If you've lost money to a scam or given out your personal details to a scammer, you're unlikely to get your money back. However there are steps you can take straight away to limit the damage and protect yourself from further loss.
You should warn your friends and family about scams. If you’re a business, let your industry association and other contacts know about the scam.
If you've sent money or shared your banking details with a scammer, contact your financial institution immediately. They may be able to stop a transaction, or close your account if the scammer has your account details. Your credit card provider may be able to perform a 'charge back' (reverse the transaction) if your credit card was billed fraudulently.
If you're not sure if you're being scammed, stop sending money. Scammers will keep asking for more money until you stop.
If you suspect you are a victim of identity theft, it is important that you act quickly to reduce your risk of financial loss or other damages.
- contact iDcare - a free government-funded service which will work with you to develop a specific response plan to your situation and support you through the process. Visit the iDcare website or call 1300 IDCARE (432273)
- apply for a Commonwealth Victims' Certificate - a certificate helps support your claim that you've been the victim of identity crime, and can be used to help re-establish your credentials with government or financial institutions. Visit Victims of Commonwealth identity crime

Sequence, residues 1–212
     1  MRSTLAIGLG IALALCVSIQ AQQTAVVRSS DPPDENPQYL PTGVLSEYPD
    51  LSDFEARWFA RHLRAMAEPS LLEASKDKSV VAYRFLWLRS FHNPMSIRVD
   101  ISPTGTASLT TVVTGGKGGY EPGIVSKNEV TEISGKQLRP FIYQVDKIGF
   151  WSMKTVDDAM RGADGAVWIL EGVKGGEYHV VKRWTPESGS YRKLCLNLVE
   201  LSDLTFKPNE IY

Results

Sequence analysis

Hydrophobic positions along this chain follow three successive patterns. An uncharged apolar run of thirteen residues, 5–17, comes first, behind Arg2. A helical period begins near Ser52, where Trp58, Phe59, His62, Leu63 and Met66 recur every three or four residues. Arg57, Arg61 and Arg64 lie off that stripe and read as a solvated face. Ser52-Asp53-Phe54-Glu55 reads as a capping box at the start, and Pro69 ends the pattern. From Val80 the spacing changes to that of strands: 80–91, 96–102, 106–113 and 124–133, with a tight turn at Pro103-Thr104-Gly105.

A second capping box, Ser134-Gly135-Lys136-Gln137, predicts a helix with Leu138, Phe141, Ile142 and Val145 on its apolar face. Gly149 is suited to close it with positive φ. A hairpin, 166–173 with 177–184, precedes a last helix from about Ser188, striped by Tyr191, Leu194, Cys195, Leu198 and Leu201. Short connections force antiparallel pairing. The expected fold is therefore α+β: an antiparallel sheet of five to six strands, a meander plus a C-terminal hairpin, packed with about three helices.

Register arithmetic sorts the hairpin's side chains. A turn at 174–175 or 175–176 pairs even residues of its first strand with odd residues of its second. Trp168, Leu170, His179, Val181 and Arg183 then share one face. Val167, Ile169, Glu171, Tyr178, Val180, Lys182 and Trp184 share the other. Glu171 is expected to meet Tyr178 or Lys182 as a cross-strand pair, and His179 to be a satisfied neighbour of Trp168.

We encourage you to report scams to the ACCC via the Report a scam webpage.
You can also report a scam to the appropriate agency to help them warn the community about scams and take action to disrupt scams.
|Type of incident||Agency|
|Banking||Your bank or financial institution|
|Australian Cybercrime Online Reporting Network|
|Financial and investment scams||Australian Securities and Investments Commission|
|Fraud and theft||
Your local police - call 131 444
In Victoria call your local police station
|Image based abuse (sextortion),
cyberbullying and illegal content
|Office of the eSafety Commissioner|
|Spam||Australian Communications and Media Authority|
|Tax related scams|
If you think your computer or device has been hacked or infected with malware or ransomware, use your security software to run a virus check if you think your computer has been compromised.
If you think one of your online accounts (e.g. your bank account, email, online shopping account or social networking site) has been compromised, you should change your password immediately. Most reputable websites provide step-by-step instructions for how you can recover a hacked account.
While the ACCC is the national agency dealing with general consumer protection matters, state and territory agencies may also be able to assist you and also provide scam alerts and information on how to avoid them.
- Access Canberra
- Consumer Affairs Victoria
- New South Wales Fair Trading
- Northern Territory Consumer Affairs
- Queensland Office of Fair Trading
- South Australia Office of Consumer and Business Affairs
- Tasmania Consumer Affairs and Fair Trading
- Western Australia Department of Commerce—Consumer Protection.
If you or someone you know has been scammed, please talk to your GP, local health professional or someone you trust. You could also contact one of the following counselling or support services.
When you need support in a crisis, contact Lifeline on 13 11 14 (24/7) or visit www.lifeline.org.au
For information about depression or anxiety, contact beyondblue on 1300 22 4636 or visit www.beyondblue.org.au
Free professional telephone and online counselling for anyone affected by suicide. Suicide Call Back Service: 1300 659 467
Telephone and online counselling and support service for young people aged between 5 and 25 years. Kids Helpline: 1800 55 1800
Telephone and online support, information and referral service for men with family and relationship concerns. MensLine Australia: 1300 78 99 78